The storage savings add up quickly in a typical desktop virtualization deployment due to the sheer number of virtual machines (VMs) involved. For example, a typical desktop VM requires a 15 GB Virtual Machine Disk Format (VMDK). A deployment of 1,000 desktops would require 15,000 GB or 15 TB. The ability to reduce such storage requirements by 50% can create a storage savings of 7.5 TB -- quite a noticeable amount.
There are many different types of deduplication technologies. Some deduplication technologies only work with backup data while others work with primary storage and can deduplicate active data. Deduplication technologies are further categorized into in-line deduplication and post-process deduplication. In-line deduplication technologies deduplicate data as it enters the storage system; post-process technologies deduplicate data after it has been written to the disks. Each of these technologies has its advantages and disadvantages, but that's an article unto itself.
Activating NetApp deduplication
Storage admins can activate NetApp deduplication with just a few commands on the storage array. The deduplication license is free from NetApp, and aside from the minor performance impact of enabling deduplication there is very little reason not to use it.
Once deduplication has been enabled on the storage array, it's important to understand that it doesn't need to be configured. Storage administrators can turn on deduplication on the NetApp storage array and will see storage savings without any further configuration of the virtualization software or the virtual machine.
Again, it's possible to use deduplication with any storage protocol that NetApp supports -- Fibre Channel, iSCSI and NFS -- but the space savings will be most easily achieved and most evident when used in conjunction with NFS.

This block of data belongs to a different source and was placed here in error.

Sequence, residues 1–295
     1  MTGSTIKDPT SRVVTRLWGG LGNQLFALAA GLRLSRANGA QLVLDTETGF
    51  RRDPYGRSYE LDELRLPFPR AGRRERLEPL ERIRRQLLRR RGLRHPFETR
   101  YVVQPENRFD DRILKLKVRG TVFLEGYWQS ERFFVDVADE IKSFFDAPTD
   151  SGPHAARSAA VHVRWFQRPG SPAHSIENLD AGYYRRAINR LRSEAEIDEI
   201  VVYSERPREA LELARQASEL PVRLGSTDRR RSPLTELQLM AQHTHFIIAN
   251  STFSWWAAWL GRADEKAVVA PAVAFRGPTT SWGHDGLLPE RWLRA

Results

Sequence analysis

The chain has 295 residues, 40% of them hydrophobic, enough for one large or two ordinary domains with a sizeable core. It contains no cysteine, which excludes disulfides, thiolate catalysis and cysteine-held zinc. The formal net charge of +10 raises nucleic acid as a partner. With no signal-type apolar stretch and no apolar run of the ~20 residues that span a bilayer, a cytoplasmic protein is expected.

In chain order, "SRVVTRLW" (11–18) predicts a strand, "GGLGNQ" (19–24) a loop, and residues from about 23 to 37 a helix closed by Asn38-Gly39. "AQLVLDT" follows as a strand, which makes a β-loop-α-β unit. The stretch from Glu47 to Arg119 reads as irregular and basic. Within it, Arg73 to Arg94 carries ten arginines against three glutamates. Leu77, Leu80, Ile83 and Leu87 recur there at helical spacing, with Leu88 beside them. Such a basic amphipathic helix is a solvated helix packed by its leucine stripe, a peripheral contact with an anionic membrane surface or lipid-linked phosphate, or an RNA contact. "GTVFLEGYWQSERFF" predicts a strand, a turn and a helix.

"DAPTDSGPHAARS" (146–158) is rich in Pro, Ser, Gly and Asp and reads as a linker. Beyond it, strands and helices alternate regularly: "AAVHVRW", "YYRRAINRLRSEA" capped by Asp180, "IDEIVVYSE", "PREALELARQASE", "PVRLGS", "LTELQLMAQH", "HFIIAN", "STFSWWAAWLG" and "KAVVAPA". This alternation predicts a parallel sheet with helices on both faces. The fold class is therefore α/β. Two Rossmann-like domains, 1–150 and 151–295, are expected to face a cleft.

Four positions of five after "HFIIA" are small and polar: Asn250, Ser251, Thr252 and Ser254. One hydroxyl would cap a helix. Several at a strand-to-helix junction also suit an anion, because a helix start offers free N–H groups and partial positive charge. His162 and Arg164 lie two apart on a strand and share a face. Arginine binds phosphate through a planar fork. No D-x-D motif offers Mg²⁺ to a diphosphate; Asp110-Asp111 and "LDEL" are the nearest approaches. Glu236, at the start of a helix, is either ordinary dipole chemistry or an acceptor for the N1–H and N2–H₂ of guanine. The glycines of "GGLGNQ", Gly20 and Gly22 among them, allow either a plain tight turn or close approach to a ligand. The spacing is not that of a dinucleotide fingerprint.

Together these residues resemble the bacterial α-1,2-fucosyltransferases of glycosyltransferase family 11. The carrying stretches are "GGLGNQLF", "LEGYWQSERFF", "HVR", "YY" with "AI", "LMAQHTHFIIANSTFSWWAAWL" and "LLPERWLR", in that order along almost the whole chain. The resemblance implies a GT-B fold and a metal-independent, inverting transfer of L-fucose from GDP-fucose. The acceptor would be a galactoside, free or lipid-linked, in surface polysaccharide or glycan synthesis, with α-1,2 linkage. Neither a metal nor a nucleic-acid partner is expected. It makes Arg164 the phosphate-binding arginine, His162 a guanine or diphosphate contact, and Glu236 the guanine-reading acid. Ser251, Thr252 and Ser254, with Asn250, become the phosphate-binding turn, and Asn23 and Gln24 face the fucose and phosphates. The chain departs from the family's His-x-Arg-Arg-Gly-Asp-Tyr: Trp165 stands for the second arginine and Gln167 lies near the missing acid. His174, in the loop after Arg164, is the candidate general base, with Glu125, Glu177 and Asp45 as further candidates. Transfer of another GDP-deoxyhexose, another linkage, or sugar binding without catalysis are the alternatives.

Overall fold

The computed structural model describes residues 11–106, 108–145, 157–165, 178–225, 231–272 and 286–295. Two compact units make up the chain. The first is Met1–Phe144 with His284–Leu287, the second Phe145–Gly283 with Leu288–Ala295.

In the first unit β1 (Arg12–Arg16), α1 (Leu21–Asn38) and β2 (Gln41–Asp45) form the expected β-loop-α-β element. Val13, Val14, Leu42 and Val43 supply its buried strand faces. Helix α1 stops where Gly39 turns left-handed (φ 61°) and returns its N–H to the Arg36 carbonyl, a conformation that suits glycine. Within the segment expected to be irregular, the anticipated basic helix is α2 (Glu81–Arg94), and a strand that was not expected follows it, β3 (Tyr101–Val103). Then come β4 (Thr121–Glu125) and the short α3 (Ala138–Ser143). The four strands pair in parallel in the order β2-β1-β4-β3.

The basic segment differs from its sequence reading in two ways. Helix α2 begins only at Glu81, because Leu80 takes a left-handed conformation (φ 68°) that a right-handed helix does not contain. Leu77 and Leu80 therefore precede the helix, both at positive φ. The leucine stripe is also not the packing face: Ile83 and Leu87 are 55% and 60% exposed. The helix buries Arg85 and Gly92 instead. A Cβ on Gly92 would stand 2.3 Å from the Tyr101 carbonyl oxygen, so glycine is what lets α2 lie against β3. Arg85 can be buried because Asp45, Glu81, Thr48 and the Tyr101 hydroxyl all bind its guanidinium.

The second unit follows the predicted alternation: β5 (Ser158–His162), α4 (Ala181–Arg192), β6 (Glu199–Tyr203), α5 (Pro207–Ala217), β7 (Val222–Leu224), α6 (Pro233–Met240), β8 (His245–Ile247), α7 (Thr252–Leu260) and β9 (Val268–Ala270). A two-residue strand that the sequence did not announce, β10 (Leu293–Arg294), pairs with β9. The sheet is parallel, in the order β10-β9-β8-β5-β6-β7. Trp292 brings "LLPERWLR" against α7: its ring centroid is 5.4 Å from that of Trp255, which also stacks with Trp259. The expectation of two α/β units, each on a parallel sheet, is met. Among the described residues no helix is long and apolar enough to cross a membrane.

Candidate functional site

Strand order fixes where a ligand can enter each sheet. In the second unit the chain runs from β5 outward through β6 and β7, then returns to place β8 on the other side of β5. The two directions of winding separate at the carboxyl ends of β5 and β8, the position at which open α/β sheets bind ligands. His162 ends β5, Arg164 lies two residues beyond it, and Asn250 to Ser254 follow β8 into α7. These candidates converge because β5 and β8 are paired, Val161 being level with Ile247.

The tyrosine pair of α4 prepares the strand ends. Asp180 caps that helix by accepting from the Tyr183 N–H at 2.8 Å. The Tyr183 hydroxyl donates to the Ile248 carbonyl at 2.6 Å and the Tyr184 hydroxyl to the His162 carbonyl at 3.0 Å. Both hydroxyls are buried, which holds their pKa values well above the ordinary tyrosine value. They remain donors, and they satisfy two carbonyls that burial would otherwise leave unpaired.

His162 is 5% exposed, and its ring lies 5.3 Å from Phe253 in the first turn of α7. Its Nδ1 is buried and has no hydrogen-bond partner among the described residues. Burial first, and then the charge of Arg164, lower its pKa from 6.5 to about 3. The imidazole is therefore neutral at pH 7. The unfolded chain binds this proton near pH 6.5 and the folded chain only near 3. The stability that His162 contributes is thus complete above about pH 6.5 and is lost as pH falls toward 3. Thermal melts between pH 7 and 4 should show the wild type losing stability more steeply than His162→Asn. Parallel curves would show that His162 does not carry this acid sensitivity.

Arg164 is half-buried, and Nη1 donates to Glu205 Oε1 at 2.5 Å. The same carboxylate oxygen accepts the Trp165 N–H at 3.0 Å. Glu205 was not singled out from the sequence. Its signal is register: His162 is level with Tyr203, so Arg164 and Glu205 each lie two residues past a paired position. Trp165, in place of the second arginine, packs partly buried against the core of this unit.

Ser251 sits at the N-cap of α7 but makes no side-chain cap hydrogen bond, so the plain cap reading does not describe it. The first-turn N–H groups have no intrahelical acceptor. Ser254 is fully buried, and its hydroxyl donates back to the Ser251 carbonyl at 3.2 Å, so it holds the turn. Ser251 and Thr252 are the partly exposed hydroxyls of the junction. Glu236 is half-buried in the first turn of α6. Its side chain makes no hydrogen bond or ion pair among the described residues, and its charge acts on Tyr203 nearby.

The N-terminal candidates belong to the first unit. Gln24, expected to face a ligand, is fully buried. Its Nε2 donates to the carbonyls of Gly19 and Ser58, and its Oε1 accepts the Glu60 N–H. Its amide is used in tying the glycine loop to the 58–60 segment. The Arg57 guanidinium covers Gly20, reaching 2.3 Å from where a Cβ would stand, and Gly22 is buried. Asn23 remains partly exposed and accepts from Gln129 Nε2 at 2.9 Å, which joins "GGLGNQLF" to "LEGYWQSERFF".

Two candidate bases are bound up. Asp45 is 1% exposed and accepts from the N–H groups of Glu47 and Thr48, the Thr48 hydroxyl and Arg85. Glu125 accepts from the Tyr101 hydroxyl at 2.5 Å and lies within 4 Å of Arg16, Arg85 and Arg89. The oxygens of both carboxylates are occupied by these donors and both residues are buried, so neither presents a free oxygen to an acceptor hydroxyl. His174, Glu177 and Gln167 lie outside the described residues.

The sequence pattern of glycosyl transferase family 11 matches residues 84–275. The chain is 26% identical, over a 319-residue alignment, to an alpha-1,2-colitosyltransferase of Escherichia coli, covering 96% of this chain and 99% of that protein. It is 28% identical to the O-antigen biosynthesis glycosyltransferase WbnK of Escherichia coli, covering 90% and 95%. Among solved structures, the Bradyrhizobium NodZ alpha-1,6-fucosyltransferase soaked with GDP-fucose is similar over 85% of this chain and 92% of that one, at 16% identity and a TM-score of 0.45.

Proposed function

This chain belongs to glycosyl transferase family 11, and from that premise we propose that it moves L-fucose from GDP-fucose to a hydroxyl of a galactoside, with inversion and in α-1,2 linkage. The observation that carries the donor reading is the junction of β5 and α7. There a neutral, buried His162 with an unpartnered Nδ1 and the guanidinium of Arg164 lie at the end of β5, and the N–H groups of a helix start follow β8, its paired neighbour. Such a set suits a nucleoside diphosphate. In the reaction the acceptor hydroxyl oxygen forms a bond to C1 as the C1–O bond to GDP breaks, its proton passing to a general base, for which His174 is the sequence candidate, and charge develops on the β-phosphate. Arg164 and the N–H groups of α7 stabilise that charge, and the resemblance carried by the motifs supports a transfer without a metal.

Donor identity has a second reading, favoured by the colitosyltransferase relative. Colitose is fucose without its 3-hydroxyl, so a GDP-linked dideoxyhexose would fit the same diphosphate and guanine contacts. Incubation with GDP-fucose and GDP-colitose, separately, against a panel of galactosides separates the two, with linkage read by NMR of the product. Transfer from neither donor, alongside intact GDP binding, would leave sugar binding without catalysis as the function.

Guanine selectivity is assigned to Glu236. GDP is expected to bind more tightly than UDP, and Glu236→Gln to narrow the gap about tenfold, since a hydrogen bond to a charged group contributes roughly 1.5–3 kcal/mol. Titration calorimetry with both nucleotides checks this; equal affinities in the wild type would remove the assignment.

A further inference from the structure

Deduplication configuration enhancements
While you don't have to configure NetApp deduplication, you'll save more storage space if you do. By employing some of the optimizations listed below, organizations can gain the greatest benefit from the use of NetApp deduplication with VI3.
- Grouping VMs
VI administrators can group similar VMs together within a datastore to help improve deduplication ratios. For example, VMs can be grouped based on guest OS so that VMs running Windows Server 2003 are stored in one datastore while VMs running Red Hat Enterprise Linux are grouped in another.
- Separating the guest OS from its data
VI administrators can separate the guest OS from data that the guest OS uses. One way of doing this is to use multiple virtual disks within the guest OS. Outside the guest OS, this is manifested as multiple VMDKs. For VMs running Windows Server 2003, for example, this would mean separate C: and D: drives within the VM.
- Putting the swap file on a separate VMDK
Where the guest OS allows, VI administrators can separate the swap file or swap partition onto a separate virtual disk (VMDK) which is stored on a non-deduplicated datastore. This saves the storage array the effort of trying to deduplicate data that is not likely to have lots of duplicate blocks nor is really needed. Keep in mind that this adds a layer of complexity to VM configurations that organizations may not want to manage.
- Ensuring proper guest OS file alignment
VI administrators can ensure that guest OS file systems are properly aligned within the VMDK files. This is considered important for maximum performance since it can prevent unnecessary I/O operations due to misalignment.
With these optimizations in place, the amount of storage saved may increase and the overhead of running deduplication on the storage array can be minimized as much as possible. Keep in mind, however, that deduplication does not reduce or affect the other key metric that should be used when sizing and designing a SAN solution: the IOPS requirements. Deduplication can help reduce capacity requirements, but deduplication cannot reduce IOPS requirements and SANs must still be architected to be able to meet the IOPS needs of the environment.
ABOUT THE AUTHOR: Scott Lowe is a senior engineer for ePlus Technology Inc. He has a broad range of experience, specializing in enterprise technologies such as storage area networks, server virtualization, directory services and interoperability. Previously he was President and CTO of Mercurion Systems, an IT consulting firm, and CTO of iO Systems.
This was first published in October 2008